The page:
Brad Steverson uses rotational grazing on his Kentucky farm to help ensure he has food and water for his herd.
Many people think farmers get to take some time off during the winter, but that couldn’t be further from the truth. For livestock farmers like Brad Steverson, winter months bring significant challenges.
When it’s cold outside, he’s concerned about food, water and shelter for his 80 head of Black Angus. However, those concerns have been minimized recently with the help of USDA’s Natural Resources Conservation Service and the use of conservation practices.
With technical and financial help from NRCS and the Environmental Quality Incentives Program, he implemented a rotational grazing system on his 300-acre cattle ranch in Henry County, Ky. Read more »
James and Gail Cope look out over their land in Kentucky. USDA photo.
It was on a hilltop in eastern Kentucky where I first met James and Gail Cope, looking at the 27 newly planted American chestnut seedlings on their land. It was our common love for this rare tree that brought us together.
American chestnut trees once dominated the Appalachian landscape, but during the early 1900s a fungus struck the trees causing them nearly to vanish. The American Chestnut Blight, an Asian fungus, first struck in 1904 in New York City and quickly spread, leaving in its wake a trail of dead and dying stems. By the 1950s, the keystone species of some nine million acres of forests had disappeared.
The tree is important because it produces bushels of nuts for wildlife, and animals like squirrels, wild turkey, white-tailed deer, black bear, and grouse depend on the nuts for a major food source. Read more »
USDA Deputy Undersecretary Ann Mills (ninth from left) visits with Leopold Conservation Award winners at USDA last week. USDA photo.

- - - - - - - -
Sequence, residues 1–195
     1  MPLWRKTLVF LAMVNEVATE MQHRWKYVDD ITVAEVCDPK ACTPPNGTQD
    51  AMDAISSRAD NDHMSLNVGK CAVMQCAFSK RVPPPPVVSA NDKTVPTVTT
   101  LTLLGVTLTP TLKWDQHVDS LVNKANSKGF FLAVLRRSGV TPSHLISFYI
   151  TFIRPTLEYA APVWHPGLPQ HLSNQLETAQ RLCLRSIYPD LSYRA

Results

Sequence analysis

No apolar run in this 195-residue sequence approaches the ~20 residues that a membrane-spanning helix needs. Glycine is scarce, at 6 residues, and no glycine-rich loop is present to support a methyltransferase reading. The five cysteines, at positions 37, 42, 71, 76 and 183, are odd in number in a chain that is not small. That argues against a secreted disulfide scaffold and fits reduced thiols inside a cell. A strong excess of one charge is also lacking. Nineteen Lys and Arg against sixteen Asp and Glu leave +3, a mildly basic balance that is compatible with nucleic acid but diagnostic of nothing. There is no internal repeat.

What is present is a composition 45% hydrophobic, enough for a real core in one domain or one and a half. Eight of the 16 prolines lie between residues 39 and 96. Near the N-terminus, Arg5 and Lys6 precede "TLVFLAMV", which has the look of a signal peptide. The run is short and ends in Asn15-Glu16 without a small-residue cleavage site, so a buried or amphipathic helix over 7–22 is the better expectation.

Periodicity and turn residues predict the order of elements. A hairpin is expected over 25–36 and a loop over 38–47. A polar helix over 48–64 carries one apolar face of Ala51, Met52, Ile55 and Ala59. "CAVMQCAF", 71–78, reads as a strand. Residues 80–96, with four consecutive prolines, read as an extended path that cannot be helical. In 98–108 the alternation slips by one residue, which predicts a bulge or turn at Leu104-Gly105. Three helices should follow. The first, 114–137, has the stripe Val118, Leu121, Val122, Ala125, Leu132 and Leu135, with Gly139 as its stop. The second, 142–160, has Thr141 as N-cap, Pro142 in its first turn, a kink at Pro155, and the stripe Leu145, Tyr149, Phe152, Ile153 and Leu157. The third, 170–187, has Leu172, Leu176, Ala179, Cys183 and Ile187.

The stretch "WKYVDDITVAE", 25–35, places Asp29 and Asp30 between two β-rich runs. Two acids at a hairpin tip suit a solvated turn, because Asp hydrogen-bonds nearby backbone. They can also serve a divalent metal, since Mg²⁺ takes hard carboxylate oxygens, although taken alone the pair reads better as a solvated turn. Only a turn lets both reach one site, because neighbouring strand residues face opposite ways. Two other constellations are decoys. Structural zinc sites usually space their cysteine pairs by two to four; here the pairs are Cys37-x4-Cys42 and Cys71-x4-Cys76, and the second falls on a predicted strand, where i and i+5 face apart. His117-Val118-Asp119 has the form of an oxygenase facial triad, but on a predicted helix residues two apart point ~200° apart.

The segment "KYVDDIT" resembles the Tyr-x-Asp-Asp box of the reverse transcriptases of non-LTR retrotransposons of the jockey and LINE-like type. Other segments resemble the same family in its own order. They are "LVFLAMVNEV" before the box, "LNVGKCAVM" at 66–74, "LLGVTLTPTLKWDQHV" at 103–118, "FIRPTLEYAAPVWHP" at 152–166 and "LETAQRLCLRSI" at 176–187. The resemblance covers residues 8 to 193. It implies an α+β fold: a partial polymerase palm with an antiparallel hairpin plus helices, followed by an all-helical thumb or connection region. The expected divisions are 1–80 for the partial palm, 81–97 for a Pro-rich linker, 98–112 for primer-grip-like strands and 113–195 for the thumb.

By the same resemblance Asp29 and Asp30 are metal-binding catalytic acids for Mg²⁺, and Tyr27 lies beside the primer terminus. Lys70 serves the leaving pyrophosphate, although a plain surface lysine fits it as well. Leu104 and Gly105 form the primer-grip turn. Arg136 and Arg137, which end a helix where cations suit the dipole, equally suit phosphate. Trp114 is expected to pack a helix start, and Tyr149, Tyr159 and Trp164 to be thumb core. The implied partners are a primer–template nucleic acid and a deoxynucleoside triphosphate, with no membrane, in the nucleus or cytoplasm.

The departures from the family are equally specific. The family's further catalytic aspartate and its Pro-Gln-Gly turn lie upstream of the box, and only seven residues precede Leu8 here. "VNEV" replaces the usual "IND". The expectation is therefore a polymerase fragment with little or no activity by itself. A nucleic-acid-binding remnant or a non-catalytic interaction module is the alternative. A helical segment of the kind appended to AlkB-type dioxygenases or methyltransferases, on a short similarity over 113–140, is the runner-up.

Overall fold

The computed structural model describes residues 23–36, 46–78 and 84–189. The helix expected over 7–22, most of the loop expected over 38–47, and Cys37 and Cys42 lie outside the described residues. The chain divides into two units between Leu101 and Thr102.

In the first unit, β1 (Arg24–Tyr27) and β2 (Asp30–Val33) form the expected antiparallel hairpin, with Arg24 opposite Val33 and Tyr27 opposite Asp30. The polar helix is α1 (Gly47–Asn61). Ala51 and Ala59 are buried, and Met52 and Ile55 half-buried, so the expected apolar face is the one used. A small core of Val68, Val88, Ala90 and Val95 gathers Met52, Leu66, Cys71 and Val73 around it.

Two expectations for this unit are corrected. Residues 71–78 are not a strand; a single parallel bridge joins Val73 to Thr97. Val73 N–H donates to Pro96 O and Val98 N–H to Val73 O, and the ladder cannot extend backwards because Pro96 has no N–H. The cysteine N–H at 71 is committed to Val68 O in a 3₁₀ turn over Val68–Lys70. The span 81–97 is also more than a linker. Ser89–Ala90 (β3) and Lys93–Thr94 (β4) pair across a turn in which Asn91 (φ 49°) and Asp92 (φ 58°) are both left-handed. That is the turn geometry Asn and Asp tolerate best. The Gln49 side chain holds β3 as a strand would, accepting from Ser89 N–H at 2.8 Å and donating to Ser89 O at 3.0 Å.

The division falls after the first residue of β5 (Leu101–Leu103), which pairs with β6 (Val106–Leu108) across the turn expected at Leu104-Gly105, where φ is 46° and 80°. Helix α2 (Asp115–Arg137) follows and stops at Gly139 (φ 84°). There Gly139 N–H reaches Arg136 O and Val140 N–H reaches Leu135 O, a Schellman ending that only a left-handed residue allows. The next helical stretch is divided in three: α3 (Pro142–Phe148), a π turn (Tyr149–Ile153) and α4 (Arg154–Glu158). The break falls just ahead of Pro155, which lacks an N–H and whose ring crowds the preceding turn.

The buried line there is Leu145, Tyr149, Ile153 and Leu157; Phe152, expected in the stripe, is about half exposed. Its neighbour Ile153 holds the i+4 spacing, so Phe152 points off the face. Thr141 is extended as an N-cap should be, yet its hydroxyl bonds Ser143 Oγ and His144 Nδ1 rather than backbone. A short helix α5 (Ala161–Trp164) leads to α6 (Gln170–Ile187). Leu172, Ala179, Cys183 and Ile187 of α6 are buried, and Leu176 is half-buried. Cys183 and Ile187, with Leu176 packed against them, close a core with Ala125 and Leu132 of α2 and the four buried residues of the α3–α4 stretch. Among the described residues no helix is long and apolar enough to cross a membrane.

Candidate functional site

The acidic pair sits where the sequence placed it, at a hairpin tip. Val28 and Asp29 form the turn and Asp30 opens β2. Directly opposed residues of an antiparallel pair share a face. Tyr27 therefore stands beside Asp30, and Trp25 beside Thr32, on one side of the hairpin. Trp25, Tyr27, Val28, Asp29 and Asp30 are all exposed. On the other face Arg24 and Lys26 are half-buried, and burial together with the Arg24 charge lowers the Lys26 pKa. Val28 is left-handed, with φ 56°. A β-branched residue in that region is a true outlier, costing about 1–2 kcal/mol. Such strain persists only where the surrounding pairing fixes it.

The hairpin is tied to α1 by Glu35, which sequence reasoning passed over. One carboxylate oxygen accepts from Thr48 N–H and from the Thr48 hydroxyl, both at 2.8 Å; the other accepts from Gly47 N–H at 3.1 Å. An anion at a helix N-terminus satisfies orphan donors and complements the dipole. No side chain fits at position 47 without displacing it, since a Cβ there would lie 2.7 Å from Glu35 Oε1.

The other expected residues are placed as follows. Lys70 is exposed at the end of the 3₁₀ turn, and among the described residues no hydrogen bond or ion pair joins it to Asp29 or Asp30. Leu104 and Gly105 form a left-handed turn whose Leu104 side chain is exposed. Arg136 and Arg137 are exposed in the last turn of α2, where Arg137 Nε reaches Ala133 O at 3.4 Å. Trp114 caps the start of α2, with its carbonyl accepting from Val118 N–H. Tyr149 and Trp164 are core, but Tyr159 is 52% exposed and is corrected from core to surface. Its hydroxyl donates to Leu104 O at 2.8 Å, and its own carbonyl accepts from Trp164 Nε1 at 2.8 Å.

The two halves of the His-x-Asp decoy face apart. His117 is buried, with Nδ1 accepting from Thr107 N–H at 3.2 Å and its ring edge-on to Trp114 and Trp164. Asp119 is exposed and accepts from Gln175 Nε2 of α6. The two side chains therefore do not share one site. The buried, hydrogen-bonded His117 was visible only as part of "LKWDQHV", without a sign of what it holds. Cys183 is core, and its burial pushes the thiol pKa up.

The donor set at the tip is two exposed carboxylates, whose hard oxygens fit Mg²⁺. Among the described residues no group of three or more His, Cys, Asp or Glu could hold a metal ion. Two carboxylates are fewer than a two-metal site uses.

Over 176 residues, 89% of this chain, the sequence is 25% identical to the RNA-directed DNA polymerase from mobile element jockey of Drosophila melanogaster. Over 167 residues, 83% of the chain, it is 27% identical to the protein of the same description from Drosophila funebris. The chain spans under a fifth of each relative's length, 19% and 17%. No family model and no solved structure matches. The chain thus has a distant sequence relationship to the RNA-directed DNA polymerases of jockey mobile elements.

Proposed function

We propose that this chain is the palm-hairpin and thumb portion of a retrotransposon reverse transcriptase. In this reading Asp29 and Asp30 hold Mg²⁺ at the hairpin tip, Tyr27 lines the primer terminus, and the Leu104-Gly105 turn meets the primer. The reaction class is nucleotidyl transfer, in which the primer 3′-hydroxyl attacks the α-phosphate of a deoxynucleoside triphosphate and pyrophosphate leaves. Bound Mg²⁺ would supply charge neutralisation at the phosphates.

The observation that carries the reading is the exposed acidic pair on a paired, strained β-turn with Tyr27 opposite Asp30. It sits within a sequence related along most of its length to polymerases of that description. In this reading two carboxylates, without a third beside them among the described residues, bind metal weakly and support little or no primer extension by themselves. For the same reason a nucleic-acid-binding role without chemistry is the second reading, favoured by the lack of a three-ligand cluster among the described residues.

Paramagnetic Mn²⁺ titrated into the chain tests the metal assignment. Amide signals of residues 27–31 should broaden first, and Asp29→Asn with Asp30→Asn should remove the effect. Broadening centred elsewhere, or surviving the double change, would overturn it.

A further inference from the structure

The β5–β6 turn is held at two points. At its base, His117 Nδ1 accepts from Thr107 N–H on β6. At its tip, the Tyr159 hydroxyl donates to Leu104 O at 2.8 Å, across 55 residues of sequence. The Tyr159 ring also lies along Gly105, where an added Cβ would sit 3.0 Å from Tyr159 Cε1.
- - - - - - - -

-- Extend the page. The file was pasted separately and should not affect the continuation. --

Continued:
“Water conservation begins where the first drop of rain falls…most likely on private working lands.” This is a favorite saying of Tom Vandivier, a Texas cattle rancher and 2008 recipient of the Sand County Foundation’s Leopold Conservation Award (LCA).
Tom was one of more than two dozen recipients of the LCA – which recognized landowners for achievement in environmental improvement on agricultural land – in Washington, D.C. last week. I was fortunate to meet with them here at USDA headquarters to talk about the importance of conservation and the need to spread the message that investing in conservation practices on our farm and ranch lands not only protects water, air and wildlife – it also makes economic sense. Read more »
Alphonse and Martha Dotson worked with NRCS to conserve water and improve soil health on their Texas vineyard.
The National Organization of Professional Black Natural Resources Conservation Service Employees recently honored three farm families at their annual outreach and agricultural education exposition.
The Lloyd Wright Small Farmer Award is named after the organization’s founder. The award is given to producers who share a passion for improving awareness and development in the field of agriculture. The organization selected Kentucky rancher William E. Boulden, Jr. for first place, Texas grape growers Alphonse and Martha Dotson for second, and Mississippi ranchers Percy and Emma Brown for third. Read more »
National FFA officers meet with Secretary Vilsack at the Agriculture Department on January 15. USDA photo by Tom Witham.
“We are excited by the challenges you presented to us,” said FFA National Secretary Mitch Bayer at the conclusion of a half-hour meeting of National FFA officers with Agriculture Secretary Tom Vilsack at the USDA Whitten Building earlier this week.
In his meeting with the officers, the Secretary covered a wide range of issues, including the immediate need for a new Food, Farm and Jobs Bill. When it passes, he said, the National FFA should study provisions that will help young, beginning farmers become established. He said there will be, he hopes, an easier path to credit and also support for the USDA microloan program, which helps beginning farmers and others buy equipment, rent ground, and buy livestock or supplies at affordable interest rates. The Secretary noted that 70 percent of the world’s farmers are women, and USDA is working to provide greater opportunities to women, Native Americans, Hispanics, African Americans and others who want to farm. Read more »
Rural America faces a unique set of challenges when it comes to combating poverty in our towns and communities. Too often, rural people and places are hard to reach or otherwise underserved—but not forgotten.
I believe that USDA and its partners have the tools and the wherewithal to expand opportunity and better serve those living in poverty, but it is imperative that these resources reach the areas where they are needed most.
That is why USDA has undertaken a broad commitment to rally available tools and technical assistance through our StrikeForce for Rural Growth and Opportunity initiative. Read more »